Timely truce

The world has breathed a sigh of relief as China and the US reached agree­ment on re­duc­ing the US trade deficit, but ten­sions over trade and in­vest­ment re­la­tions may per­sist in the long term

NewsChina - - COVER STORY - By Yu Xiaodong

Af­ter months of threats and counter-threats to raise tar­iffs on each other, the US and China, the world's two largest economies, ap­pear to have averted an all-out trade war af­ter the sec­ond round of high-level talks on the is­sue held May 17-18 in Wash­ing­ton be­tween a Chi­nese del­e­ga­tion led by Liu He, vi­cepremier and spe­cial en­voy of Chi­nese Pres­i­dent Xi Jin­ping, and US of­fi­cials, in­clud­ing Trea­sury Sec­re­tary Steven Mnuchin, Sec­re­tary of Com­merce Wil­bur Ross and US Trade Rep­re­sen­ta­tive Robert Lighthizer.


Fol­low­ing the talks, the na­tions re­leased a joint state­ment pledg­ing to “sub­stan­tially” re­duce the US trade deficit in goods with China. To achieve that, there will be “mean­ing­ful in­creases” in US agri­cul­ture and en­ergy ex­ports to China in the fu­ture. Mnuchin told re­porters he ex­pected Amer­i­can agri­cul­tural ex­ports to China to rise by be­tween 35 and 40 per­cent this year and en­ergy pur­chases to dou­ble over the next three to five years.

On the is­sue of in­tel­lec­tual prop­erty pro­tec­tion, China pledged to “ad­vance rel­e­vant amend­ments to its laws and reg­u­la­tions in this area, in­clud­ing the Patent Law.” On the is­sue of in­vest­ment, “both sides agreed to en­cour­age two-way in­vest­ment and to strive to cre­ate a fair, level play­ing field for com­pe­ti­tion,” ac­cord­ing to the state­ment.

Liu told China's State-run Xin­hua News Agency that the two sides had “pledged not to en­gage in a trade war.” China's Min­istry of Com­merce (MOFCOM) an­nounced on May 18 that it was halt­ing its anti-dump­ing in­ves­ti­ga­tion into im­ports of sorghum from the US.

Mnuchin told the me­dia the two sides had made “mean­ing­ful progress” on the trade is­sue, and the US govern­ment would halt pro­posed tar­iffs on up to US$150 bil­lion in Chi­nese prod­ucts.

In the in­vest­ment field, Trump ear­lier hinted he would re­lax US sanc­tions on Chi­nese smart­phone-maker ZTE, which had been sub­ject to a seven-year ban on trans­ac­tions with US com­pa­nies. It was forced to sus­pend its business op­er­a­tions in the US af­ter vi­o­lat­ing a set­tle­ment with the US govern­ment last year over its se­cret ex­ports of tech­nol­ogy to Iran. For their part, China's reg­u­la­tory au­thor­i­ties ap­proved the US$18 bil­lion sale of Toshiba Corp's chip unit to a con­sor­tium led by US pri­vate eq­uity firm Bain Cap­i­tal. These is­sues, while not di­rectly re­lated to the trade spats, have been seen as bar­gain­ing chips.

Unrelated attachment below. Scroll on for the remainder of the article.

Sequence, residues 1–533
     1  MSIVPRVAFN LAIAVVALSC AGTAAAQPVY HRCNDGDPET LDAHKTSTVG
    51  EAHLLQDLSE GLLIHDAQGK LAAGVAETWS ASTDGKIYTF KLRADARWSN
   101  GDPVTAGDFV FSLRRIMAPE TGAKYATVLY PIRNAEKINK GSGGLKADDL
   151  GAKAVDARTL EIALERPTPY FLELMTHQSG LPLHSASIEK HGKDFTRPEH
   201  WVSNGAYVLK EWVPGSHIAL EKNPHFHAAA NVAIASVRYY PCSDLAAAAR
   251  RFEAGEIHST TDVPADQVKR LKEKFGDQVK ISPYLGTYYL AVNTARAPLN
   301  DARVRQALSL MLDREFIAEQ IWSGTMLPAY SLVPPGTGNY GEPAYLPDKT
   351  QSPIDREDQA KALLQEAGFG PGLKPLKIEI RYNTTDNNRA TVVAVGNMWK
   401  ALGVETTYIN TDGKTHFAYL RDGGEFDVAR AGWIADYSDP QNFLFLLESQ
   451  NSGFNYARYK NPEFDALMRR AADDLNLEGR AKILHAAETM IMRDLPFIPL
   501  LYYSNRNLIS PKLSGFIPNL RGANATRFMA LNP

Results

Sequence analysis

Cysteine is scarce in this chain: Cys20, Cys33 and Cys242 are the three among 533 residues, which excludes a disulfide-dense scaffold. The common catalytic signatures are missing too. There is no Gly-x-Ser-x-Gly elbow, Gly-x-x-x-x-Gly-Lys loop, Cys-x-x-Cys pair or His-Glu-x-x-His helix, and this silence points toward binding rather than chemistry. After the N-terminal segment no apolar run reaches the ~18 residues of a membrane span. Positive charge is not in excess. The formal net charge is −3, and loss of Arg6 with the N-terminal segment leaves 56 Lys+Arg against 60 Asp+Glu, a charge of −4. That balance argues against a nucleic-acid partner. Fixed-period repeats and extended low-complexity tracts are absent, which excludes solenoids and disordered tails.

Lines in the Sand

While the cease­fire has eased anx­i­ety in the fi­nan­cial mar­kets and sparked a jump in the Asian and US stock mar­kets, it has been crit­i­cized by trade hawks on both sides.

In the US, many ar­gued that the fail­ure to press China to agree to a quan­ti­ta­tive tar­get on cut­ting the trade gap and spe­cific mea­sures on in­tel­lec­tual prop­erty pro­tec­tion and in­vest­ment mean a to­tal vic­tory for China. Back in China, many con­sider Bei­jing's agree­ment to re­duce its trade sur­plus with the US a ma­jor con­ces­sion that be­trays ear­lier rhetoric that it was not afraid of a trade war and would “fight to the end.”

Mei Xinyu, a re­searcher at the Chi­nese Acad­emy of In­ter­na­tional Trade and Eco­nomic Co­op­er­a­tion at MOFCOM, ar­gued in a widely shared com­men­tary that China has man­aged to main­tain what he said were three “bot­tom lines” con­sid­ered non-ne­go­tiable by the lead­er­ship.

First, the two coun­tries agreed to in­crease US ex­ports to China, a “proac­tive” ap­proach in ad­dress­ing the trade im­bal­ance which con­trasts with the “pas­sive” ap­proach of re­duc­ing Chi­nese ex­ports, as the

Trump ad­min­is­tra­tion had threat­ened to do. Mei said that the proac­tive so­lu­tion adopted in the joint state­ment was in both coun­tries' in­ter­ests.

“By adopt­ing a proac­tive ap­proach, China can main­tain its pur­chas­ing power, which will pro­vide more mar­ket and em­ploy­ment op­por­tu­ni­ties to Amer­i­can business and work­ers,” Mei said. China has long ar­gued for a win-win so­lu­tion to ad­dress its trade dis­putes, rhetoric also adopted by the joint state­ment, which held that China would sig­nif­i­cantly in­crease its pur­chase of US goods and ser­vices “to meet the con­sump­tion needs of the Chi­nese peo­ple and the need for high-qual­ity eco­nomic de­vel­op­ment,” which “will help sup­port growth and em­ploy­ment in the US.”